Building a Small-Business Onion
Layer upon layer, that is. Wouldn’t it be refreshing if Rhode Island’s elected officers would seek to solve our problems by relinquishing control rather than expanding their influence? Consider legislation that Representative Gregory Schadone (D, North Providence) proposed this week:
The “Small Business Revolving Loan and Credit Enhancement Fund Act” would offer partial, low-cost loans and purchase credit enhancements to promote the growth of small business in the state. The fund would be created and administered by the Rhode Island Economic Development Corporation (EDC). …
Under the legislation, loans can be given to small businesses for up to 25 percent of the total debt required, but cannot exceed $100,000. The EDC can also purchase credit enhancements on behalf of specific businesses, which also cannot exceed $100,000. All loans made by the EDC under the fund would be loaned at a below-market rate.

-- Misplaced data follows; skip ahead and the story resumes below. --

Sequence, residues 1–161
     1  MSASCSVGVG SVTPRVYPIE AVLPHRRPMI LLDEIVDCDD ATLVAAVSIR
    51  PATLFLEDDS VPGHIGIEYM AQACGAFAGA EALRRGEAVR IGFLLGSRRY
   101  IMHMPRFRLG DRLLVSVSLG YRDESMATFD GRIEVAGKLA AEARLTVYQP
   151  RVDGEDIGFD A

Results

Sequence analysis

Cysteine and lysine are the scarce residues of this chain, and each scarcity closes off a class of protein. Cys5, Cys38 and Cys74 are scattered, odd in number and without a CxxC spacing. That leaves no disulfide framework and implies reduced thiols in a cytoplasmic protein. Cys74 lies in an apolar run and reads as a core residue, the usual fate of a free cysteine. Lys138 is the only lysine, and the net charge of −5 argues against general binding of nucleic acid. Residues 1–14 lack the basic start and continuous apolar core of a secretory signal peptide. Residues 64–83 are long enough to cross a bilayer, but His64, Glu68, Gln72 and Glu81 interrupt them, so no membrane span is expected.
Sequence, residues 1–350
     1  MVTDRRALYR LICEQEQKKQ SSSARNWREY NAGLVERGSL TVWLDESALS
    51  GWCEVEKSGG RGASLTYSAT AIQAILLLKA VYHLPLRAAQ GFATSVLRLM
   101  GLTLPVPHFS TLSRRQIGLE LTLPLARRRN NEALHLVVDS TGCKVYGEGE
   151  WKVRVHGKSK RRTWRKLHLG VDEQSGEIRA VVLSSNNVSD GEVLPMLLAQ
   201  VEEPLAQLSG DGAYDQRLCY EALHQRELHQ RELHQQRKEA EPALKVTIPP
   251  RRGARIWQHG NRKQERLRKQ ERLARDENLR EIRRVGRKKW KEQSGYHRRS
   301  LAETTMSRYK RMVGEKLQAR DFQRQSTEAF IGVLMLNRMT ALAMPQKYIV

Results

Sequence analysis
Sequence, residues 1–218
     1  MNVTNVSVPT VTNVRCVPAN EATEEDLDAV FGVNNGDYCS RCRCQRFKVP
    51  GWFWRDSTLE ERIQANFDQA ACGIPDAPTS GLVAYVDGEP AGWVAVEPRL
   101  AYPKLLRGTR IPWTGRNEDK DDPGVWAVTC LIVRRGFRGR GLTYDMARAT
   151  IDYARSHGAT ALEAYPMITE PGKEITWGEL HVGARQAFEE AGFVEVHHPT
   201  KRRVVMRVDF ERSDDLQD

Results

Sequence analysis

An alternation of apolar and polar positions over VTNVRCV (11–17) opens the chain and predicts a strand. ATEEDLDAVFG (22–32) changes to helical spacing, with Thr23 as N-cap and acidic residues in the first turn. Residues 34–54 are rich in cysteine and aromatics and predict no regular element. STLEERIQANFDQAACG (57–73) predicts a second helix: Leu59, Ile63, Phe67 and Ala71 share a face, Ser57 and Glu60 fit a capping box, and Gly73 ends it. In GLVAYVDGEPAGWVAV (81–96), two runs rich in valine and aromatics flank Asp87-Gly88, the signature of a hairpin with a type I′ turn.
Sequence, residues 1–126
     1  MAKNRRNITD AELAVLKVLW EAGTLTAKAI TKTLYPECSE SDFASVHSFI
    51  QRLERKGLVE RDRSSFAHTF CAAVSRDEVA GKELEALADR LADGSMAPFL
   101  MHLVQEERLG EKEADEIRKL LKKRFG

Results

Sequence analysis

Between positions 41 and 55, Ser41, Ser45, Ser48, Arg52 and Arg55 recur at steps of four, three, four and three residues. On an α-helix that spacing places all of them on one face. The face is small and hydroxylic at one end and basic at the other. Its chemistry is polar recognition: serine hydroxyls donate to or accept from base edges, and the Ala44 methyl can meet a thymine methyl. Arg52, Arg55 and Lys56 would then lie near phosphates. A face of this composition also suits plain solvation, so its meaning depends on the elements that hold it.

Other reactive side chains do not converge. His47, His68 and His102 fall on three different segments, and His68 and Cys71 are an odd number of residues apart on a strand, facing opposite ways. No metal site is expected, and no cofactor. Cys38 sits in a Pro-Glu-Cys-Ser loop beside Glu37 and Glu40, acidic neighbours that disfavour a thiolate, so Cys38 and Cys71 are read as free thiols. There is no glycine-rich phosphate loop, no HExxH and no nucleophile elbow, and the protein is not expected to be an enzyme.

It’s not as if legislators are ignorant of the underlying problems that businesses face:
“The small business community is a viable part of Rhode Island’s economic makeup,” said Representative Schadone. “Rising costs of employee health benefits and taxes create a difficult environment for small businesses to function to their full capability without some form of assistance.”
The folks at the General Assembly just want to reserve the right to dictate terms when it comes to health care and taxes (as well as other areas affecting business, such as workers’ comp) and then to layer on government discretion when it comes to dispensing relief from the climate that they have created:
Appropriated funds could not be used for the following purposes: grants, restaurants and professional office buildings, projects that don’t attract or retain employment opportunities, nonprofit activities and private or public speculative real estate ventures.
Here’s a general principle to keep in mind when entering RI voting booths in the coming elections: The smart leader will realize that Rhode Island needs its government to get out of the way, not to pull the economy even more firmly into its suffocating embrace.